It looks like Diamondback Moths could pose a real problem for producers this year. 

Crops Extension Specialist John Ippolito says there's potential for probably two, maybe even three generations of the insect impacting canola and mustard crops in Saskatchewan this year.

"So the potential for, you know, canola and mustard damage as we get later into the growing season I think is our concern right now based on the number of moths we're catching in the traps and the fact that they've arrived quite early. Moth counts to date, I would say the last four weeks or so, have been higher than what we've seen for a few years, and I guess early.  So the combination of the two is I guess why we're maybe concerned about the potential for challenges down the road."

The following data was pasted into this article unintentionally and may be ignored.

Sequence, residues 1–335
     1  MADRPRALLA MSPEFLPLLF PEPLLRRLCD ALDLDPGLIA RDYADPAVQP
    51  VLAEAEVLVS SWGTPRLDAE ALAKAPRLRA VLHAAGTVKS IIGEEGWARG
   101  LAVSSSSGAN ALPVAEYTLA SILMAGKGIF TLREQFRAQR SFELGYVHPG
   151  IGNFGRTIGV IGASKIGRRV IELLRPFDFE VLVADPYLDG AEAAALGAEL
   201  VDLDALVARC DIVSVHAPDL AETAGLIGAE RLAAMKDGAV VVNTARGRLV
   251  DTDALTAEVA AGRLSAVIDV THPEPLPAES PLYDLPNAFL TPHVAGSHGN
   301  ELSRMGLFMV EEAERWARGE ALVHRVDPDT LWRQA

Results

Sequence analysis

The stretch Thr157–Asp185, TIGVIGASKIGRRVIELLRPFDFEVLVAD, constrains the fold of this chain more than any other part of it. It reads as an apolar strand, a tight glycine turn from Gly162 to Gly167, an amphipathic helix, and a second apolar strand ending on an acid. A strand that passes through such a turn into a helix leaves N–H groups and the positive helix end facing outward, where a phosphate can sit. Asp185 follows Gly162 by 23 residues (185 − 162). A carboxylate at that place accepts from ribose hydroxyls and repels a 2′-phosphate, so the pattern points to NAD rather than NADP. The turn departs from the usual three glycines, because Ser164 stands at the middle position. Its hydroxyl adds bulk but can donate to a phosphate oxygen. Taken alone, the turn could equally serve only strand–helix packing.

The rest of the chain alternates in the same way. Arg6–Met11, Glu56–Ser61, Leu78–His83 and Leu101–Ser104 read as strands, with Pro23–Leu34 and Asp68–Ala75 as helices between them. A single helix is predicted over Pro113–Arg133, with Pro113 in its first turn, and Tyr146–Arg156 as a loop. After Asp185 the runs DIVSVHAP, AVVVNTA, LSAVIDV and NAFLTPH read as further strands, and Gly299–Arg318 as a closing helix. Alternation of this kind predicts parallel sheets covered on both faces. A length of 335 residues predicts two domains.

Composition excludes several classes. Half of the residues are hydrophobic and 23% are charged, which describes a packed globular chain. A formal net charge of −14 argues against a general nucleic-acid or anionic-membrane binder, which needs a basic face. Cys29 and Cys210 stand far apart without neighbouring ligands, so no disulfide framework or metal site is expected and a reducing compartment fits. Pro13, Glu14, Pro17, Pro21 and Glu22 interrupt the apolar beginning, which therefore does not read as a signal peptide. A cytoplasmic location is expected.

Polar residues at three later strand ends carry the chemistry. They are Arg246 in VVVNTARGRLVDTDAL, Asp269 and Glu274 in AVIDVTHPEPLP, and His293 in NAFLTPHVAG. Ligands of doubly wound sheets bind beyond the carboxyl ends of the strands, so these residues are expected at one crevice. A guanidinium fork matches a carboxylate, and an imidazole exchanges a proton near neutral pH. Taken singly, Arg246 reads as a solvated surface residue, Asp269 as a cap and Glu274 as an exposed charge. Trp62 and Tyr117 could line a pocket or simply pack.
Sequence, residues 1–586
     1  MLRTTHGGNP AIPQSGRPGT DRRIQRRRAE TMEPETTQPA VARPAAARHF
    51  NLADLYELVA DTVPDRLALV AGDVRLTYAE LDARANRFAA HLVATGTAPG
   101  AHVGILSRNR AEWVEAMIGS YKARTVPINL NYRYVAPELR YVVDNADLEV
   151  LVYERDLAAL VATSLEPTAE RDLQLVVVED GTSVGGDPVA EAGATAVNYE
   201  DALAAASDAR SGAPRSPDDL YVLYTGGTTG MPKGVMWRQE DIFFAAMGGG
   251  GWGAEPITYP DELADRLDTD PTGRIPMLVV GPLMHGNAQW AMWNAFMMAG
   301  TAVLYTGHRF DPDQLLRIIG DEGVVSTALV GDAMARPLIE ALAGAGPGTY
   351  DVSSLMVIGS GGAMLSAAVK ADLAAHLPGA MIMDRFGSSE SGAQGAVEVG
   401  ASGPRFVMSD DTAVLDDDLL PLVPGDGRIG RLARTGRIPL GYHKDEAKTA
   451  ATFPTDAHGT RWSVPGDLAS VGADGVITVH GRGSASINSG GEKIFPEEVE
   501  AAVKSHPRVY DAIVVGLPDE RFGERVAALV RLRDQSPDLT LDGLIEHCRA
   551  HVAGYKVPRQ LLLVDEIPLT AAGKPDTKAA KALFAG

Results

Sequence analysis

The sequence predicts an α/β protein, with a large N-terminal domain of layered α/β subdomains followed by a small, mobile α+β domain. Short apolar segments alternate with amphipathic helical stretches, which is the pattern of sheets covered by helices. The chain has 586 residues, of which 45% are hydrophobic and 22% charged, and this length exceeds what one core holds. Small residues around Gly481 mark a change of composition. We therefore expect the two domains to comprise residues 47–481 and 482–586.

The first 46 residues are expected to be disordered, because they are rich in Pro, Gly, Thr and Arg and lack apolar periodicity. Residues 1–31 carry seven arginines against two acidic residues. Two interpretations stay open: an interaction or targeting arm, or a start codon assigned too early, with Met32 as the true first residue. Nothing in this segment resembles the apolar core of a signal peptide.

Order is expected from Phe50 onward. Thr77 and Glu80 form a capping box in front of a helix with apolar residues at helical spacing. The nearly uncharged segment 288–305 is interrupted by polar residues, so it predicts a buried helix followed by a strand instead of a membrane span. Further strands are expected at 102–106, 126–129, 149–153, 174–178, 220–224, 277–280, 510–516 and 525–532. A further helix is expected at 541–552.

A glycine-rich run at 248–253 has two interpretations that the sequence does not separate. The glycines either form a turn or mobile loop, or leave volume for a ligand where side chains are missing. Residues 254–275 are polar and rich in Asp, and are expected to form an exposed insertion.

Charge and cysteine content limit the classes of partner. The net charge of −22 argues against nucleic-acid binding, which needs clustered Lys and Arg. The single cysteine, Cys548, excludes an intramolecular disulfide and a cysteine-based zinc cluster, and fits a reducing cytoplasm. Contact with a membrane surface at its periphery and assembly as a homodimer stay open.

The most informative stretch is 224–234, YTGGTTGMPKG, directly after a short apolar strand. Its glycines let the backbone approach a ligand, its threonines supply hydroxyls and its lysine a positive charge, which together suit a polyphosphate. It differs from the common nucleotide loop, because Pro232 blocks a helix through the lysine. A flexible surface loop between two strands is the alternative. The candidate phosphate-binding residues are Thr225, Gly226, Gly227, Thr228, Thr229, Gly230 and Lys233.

The adults lay eggs but it's the larvae that do the real damage feeding on the leaves and pods of the crops reducing the yield potential.